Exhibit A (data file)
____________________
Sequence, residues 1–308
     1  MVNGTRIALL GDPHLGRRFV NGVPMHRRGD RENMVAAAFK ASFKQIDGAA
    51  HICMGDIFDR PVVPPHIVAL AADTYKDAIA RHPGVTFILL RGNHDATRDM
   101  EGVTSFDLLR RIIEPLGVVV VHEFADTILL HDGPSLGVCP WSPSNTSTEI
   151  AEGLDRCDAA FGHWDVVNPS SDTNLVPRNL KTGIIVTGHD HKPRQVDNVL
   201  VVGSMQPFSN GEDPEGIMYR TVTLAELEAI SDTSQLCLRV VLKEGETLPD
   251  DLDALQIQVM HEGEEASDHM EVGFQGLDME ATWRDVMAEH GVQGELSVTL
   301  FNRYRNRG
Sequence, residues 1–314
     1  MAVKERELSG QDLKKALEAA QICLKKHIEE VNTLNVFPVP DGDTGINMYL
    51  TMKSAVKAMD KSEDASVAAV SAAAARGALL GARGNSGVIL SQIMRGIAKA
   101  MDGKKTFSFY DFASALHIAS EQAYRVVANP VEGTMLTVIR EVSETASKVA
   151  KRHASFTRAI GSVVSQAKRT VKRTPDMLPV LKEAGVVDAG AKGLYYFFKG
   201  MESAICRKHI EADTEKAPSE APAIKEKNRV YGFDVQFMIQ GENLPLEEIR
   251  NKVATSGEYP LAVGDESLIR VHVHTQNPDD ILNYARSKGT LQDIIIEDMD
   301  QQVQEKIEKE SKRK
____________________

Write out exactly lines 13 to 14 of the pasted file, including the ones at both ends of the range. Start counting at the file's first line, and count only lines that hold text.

   151  KRHASFTRAI GSVVSQAKRT VKRTPDMLPV LKEAGVVDAG AKGLYYFFKG
   201  MESAICRKHI EADTEKAPSE APAIKEKNRV YGFDVQFMIQ GENLPLEEIR